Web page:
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Number Theory A question on cryptography...

chisigma

Well-known member
Feb 13, 2012
1,704
The recent case 'datagate' suggests me to prose to You a question I didn.t resolve completely. Let's suppose that we have a plaintext $p_{n}$ and we code it with a key $k_{n}$ generating a chipertext...

$\displaystyle c_{n} = p_{n} + k_{n}\ (1)$

... where the sum is modulo some 'large number' N. It is well known that the (1) is 'theoretically secure' if and only if...

a) the sequence $k_{n}$ is 'absolutely random'...

b) the sequence $k_{n}$ is to be use only for a single message...

It is also well known that this solution has many pratical problems, mainly the necessity to have a large number of sequence $k_{n}$ only for have a secure communication between two persons. An idea to overcome that drawback may be to use a $k_{n,m}$ for the message m and a $k_{n,m+1}$ for the message m+1 and in the message m to communicate...

$\displaystyle c_{n,m} = p_{n,m} + k_{n,m},\ h_{n,m}= k_{n,m} + k_{n,m+1}\ (2)$

What is Your opinion regarding the security of this type of cryptosystem?...

Kind regards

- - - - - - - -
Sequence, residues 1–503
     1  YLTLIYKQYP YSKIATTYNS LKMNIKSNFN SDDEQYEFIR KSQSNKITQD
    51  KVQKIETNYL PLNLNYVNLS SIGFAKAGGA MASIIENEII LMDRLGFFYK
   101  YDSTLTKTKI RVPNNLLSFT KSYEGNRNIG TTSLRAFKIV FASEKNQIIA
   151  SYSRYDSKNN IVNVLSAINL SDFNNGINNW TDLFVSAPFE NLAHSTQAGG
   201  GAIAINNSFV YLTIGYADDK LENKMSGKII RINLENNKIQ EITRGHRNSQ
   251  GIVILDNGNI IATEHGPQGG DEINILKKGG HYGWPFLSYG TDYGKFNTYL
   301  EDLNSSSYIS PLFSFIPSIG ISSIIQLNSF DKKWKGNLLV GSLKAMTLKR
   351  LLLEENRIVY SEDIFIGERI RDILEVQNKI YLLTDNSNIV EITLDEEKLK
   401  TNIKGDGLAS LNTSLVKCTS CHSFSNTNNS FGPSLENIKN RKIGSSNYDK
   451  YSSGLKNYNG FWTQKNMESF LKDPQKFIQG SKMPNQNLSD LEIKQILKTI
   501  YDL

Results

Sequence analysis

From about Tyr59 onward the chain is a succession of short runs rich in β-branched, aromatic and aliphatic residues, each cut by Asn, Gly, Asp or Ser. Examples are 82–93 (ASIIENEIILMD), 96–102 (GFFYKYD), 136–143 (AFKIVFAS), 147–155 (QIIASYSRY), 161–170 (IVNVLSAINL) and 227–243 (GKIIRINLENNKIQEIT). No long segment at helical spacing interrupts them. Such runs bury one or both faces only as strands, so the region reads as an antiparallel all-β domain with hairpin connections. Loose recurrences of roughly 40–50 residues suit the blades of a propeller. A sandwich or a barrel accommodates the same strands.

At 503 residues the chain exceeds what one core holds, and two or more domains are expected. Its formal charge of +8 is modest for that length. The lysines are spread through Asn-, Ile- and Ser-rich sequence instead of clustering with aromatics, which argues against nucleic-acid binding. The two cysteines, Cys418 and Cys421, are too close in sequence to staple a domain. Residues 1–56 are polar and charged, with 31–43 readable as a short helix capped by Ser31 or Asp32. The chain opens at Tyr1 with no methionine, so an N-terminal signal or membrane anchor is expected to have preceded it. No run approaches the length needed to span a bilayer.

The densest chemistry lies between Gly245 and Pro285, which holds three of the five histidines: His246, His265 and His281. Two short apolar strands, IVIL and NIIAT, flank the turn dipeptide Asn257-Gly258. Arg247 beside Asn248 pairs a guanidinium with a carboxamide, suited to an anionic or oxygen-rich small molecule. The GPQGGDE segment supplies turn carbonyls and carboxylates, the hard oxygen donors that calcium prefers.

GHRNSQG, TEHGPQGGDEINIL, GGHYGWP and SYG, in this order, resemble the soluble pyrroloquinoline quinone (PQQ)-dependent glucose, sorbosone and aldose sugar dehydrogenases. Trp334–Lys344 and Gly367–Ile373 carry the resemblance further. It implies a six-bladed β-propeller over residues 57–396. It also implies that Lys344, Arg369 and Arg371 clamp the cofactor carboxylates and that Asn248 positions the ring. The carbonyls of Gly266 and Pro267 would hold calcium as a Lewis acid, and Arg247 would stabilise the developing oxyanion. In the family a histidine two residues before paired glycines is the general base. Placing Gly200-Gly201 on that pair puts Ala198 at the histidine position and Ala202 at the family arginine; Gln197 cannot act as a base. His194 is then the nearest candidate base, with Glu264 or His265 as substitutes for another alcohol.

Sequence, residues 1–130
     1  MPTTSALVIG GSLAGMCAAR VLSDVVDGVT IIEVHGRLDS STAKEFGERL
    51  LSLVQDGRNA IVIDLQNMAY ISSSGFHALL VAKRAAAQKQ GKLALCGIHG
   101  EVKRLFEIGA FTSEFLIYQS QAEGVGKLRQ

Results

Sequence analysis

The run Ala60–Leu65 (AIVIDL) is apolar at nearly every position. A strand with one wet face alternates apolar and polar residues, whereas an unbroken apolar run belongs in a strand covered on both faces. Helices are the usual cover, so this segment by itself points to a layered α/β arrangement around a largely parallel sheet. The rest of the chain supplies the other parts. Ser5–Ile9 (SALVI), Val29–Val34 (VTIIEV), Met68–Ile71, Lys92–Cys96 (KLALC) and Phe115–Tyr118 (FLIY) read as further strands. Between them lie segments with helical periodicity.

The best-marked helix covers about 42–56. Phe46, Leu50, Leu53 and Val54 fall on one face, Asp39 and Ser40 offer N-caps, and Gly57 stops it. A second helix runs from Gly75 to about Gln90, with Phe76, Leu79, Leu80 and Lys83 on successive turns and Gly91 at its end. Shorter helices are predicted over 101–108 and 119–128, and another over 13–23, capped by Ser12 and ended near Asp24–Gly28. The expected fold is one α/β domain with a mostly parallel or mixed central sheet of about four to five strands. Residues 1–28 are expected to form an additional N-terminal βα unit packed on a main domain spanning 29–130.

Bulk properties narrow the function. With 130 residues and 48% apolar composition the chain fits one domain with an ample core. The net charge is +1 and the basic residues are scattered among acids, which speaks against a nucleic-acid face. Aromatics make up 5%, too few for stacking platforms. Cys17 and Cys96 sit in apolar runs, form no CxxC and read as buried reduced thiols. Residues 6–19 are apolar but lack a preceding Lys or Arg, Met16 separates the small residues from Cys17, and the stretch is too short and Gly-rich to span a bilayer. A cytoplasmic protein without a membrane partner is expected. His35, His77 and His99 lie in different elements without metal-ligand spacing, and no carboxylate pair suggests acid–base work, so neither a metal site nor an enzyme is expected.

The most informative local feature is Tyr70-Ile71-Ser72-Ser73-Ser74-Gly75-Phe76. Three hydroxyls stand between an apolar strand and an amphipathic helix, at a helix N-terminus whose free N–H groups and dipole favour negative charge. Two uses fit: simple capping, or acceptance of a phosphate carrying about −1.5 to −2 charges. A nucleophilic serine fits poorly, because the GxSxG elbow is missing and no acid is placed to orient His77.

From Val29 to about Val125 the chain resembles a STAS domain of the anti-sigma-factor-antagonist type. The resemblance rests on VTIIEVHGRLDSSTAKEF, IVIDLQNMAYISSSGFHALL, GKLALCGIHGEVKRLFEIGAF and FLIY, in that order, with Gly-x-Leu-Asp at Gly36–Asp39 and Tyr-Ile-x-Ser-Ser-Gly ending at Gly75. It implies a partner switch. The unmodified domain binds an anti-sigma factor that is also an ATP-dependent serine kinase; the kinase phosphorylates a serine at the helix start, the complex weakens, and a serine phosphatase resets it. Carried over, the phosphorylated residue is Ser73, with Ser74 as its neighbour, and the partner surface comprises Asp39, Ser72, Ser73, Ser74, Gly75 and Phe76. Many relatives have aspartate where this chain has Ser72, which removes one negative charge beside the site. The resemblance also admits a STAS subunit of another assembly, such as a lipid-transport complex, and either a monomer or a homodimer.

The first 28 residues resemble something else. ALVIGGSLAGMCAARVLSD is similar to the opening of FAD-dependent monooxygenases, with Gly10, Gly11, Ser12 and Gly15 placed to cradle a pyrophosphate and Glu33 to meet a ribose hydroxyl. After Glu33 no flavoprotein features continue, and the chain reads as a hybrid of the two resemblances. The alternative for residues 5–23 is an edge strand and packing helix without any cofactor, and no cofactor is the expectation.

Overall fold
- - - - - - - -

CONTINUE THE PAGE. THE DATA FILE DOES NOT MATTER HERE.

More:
$\chi$ $\sigma$
 

Ackbach

Indicium Physicus
Staff member
Jan 26, 2012
4,192
I should think communicating $h_{n,m}= k_{n,m} + k_{n,m+1}$ would greatly compromise the security of the so-called One-Time Pad, as you've described it. Naturally, for a single transmission, your proposal will have the same level of security as a one-time pad normally does. However, the additional information could be decoded once several messages have been transmitted in this way, in order to figure out what the next $k$ will be.

In general, communicating much of any key information along with the ciphertext is a bad idea.
 

chisigma

Well-known member
Feb 13, 2012
1,704
May be that for the readers and for me is useful to remember some basic concept. A ciphertext $\displaystyle c_{n}$ is given by...

$\displaystyle c_{n}= p_{n} + k_{n}\ \text{mod}\ N\ (1)$

... i.e. the sum modulo N of a plaintext and a key. The main difference between a plaintext and a key is that the key is 'random' and a plaintext isn't random. Why the use of the same key to code two different plaintexts is 'a bad choice'?...

Let's suppose that the two plaintexts are monday and friday. In that case with a systematic search i find, sooner or later, the key that produces the playntext monday produces the plaintext friday and both the ciphertexts are brooken. Completely different is the situation if the same key is used to code a plaintext and another key. In that case monday produces something like jaab?+ and friday something like \gw>o@ and it's impossible to extablishes which plaintext is 'more probable'...

Am I right?...

Kind regards

$\chi$ $\sigma$
 
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